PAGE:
‘Top-to-bottom corruption at BOC’
A “welcome gift” of P100 million awaited Nicanor Faeldon when he took over the Bureau of Customs (BOC) at the start of the Duterte administration in July last year, Sen. Panfilo Lacson said on Wednesday.
“Loud whispers in the four corners of the BOC compound tell of a P100-million ‘pasalubong’ to the newly installed commissioner, a quarter of which, or P25 million was retained as a finder’s fee by his middleman named Joel Teves,” Lacson said in a privilege speech titled “Kita kita (sa Customs) [I see you at Customs].”
Teves was among the 44 alleged bribe givers, or “players,” that Lacson identified at the BOC.
Lacson said Faeldon was swallowed by the system after a year in office, as he led officials and employees in receiving payoffs through a “tara” (payola) system that has been in place in the agency for a long time.
“Hell is empty and all the devils are at the BOC,” Lacson said, paraphrasing Shakespeare’s “Hell is empty and all the devils are here.”
“And for the devils, the BOC is heaven — a heaven that is a haven for crooks, criminals, malefactors and faeldons … sorry, I meant felons,” the senator said.
President Rodrigo Duterte announced on Monday that he had accepted the resignation of Faeldon and that he had appointed Isidro Lapeña, head of the Philippine Drug Enforcement Agency, as his replacement.
Faeldon called for a third-party investigation into the issues hounding the BOC as he denied Lacson’s allegations that he was among those who received bribe money at the agency.
“I have not asked anybody to collect tara for me nor have I accepted any tara from anybody,” Faeldon said in a text message.
“The country will appreciate if a third-party investigation by a competent body will be conducted so that justice will be served,” he said.
Carefully vetted list
As he had promised, Lacson delivered his privilege speech identifying the alleged bribe givers, collectors/bagmen and the recipients at the BOC based on the tara list he compiled and “carefully vetted and cross-matched.”
He said leading the pack was no less than Faeldon and his five deputy commissioners—Teddy Raval of the Intelligence Group, Ariel Nepomuceno of the Enforcement Group, Gerardo Gambala of the Command Center, Natalio Ecarma III of the Revenue Collection Monitoring Group and Edward James Dy Buco of the Assessment and Operations Coordination Group.
The senator said a “prominent” BOC official whom he did not name earned P5,109,000 from May 16 to June 28 alone.
“The tara system, Mr. President, shows that there is systematic corruption in the bureau. In fact, with almost every office and official receiving their share of tara, the bureau can give the Mafia stiff competition,” Lacson said.
Lacson said the P6.4-billion “shabu” (crystal meth) shipment that passed through the BOC and ended up in a warehouse in Valenzuela City “sounds more like the inspiration behind the hit movie title, ‘Kita Kita (I Can See You).”’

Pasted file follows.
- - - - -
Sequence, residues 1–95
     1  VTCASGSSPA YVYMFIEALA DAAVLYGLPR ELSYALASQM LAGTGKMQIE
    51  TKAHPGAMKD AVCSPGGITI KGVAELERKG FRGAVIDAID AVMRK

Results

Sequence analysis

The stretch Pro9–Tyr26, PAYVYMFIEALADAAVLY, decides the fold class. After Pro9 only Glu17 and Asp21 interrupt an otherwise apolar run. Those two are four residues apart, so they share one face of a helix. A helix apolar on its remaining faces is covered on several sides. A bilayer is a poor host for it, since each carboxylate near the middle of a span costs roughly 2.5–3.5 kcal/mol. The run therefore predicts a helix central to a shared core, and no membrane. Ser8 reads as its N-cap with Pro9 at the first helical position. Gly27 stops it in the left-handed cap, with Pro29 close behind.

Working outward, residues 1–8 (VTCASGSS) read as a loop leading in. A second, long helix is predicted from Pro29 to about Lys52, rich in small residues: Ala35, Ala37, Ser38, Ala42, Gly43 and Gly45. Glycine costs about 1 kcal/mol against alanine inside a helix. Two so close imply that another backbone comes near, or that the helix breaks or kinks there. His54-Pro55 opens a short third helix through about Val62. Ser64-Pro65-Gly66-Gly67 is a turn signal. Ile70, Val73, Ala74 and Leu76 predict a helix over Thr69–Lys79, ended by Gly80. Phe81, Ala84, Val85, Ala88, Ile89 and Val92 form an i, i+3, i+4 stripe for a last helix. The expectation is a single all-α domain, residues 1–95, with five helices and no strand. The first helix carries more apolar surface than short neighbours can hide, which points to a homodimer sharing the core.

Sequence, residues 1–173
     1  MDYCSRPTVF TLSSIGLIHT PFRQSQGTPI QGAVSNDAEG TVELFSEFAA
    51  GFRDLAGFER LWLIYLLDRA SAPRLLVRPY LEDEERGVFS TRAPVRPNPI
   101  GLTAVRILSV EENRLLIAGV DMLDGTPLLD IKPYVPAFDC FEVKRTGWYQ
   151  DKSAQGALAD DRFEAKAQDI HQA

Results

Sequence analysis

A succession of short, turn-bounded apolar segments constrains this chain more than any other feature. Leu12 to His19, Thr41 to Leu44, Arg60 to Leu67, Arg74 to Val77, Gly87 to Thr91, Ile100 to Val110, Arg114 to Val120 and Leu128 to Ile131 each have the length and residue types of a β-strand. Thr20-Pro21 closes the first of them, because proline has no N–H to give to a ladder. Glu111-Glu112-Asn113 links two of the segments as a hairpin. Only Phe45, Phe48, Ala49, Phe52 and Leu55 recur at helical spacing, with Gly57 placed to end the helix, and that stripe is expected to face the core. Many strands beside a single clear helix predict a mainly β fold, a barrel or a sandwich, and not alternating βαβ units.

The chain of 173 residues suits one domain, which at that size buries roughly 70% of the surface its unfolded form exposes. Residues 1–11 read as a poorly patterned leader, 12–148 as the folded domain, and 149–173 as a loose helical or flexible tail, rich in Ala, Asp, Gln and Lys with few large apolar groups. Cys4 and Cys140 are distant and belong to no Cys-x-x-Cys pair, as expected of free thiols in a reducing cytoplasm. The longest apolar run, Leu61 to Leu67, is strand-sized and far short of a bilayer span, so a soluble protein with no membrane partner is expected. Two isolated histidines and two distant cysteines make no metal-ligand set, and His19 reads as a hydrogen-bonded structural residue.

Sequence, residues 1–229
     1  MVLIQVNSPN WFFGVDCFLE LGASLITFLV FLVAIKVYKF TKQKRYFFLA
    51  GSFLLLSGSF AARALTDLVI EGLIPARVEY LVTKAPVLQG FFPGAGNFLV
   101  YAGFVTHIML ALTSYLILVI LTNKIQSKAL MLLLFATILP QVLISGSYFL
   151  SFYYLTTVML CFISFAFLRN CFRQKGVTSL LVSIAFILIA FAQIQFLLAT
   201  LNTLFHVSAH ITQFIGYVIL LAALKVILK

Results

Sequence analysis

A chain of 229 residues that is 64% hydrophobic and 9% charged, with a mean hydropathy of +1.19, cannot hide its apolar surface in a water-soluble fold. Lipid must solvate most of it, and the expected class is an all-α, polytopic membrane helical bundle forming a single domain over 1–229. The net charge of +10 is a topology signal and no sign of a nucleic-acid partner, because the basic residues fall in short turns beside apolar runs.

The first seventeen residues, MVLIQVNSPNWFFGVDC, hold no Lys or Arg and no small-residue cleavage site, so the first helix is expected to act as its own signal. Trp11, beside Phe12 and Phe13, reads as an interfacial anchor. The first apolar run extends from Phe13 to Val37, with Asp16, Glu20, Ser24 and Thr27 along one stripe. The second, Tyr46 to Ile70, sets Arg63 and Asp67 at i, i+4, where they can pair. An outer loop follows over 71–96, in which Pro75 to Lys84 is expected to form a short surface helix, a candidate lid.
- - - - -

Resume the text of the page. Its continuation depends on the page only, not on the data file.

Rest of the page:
He said the shipment was “smuggled under the noses or through the indispensable participation of BOC officials.”
“We can see the incomes of several customs officials,” Lacson said, pointing out that during the Senate blue ribbon committee inquiry into the controversy, “fixer” Mark Taguba named BOC officers and bagmen he bribed, but “did not spill all the beans.”
Lacson recalled that in one of the hearings, Faeldon said he was aware of the tara system but he could not investigate it because he was only able to form an investigative team six months later.
But it was a lie, according to Lacson, saying that Faeldon appointed Gambala and other technical assistants as early as July last year.
Having the backing of Mr. Duterte, Faeldon should have started to clean up the agency by eliminating the tara system but he was eaten up by it, “effectively tolerating and even promoting the impunity of corruption.”
“How can we stop the importation of illegal drugs at the BOC if the graft activities of its officials and personnel and the corrupt system persist in the seaports and airports?” he said.
Lacson said his office was contacted by BOC officials, employees, brokers and even a civic-minded individual who had been gathering information on the tara system at the BOC or how much an office or an official was getting per container. (See table.)
“From this, the share of each office or person within the bureau ranges from a low of P200 to a high of P15,000 per container. Believe it or not, officials from the top offices of the bureau down to those who monitor the ‘gates’ and X-ray (machines) have their share in the tara,” Lacson said.
He listed the 44 bribe givers and 21 collectors/bagmen.
Big players, Davao Group
Lacson also listed the standard tara for BOC offices, and for the Manila International Container Port and the Port of Manila.
Lacson also identified the “big players” at the BOC who he said were enjoying the quick release of their shipments. (See list.)
Lacson said he hoped Lapeña whom he knew would not be eaten up by the system.
“His highest calling at the moment is to descend on the gates of hell and destroy the brazen corruption within the country’s most corrupt agency,” he said.
During the interpellation, Sen. Cynthia Villar noted that David Tan and Manny Santos, who were on Lacson’s list, were investigated in 2013 by the Senate for rice smuggling and Lea Cruz, for garlic smuggling in 2014.
Lacson said Faeldon and other BOC officials could be liable in connection with the smuggling of shabu.
“Their eyes have been covered with money and they no longer think whether drugs or contraband are being released,” Lacson told Sen. Bam Aquino who asked questions about the exposé.
Sought for comment, Gambala said: “God knows everything that I do; there’s nothing that I can hide from him. That’s why I submit to his will and hold on to his promise that he will never leave me nor forsake me.” —WITH A REPORT FROM TINA G. SANTOS
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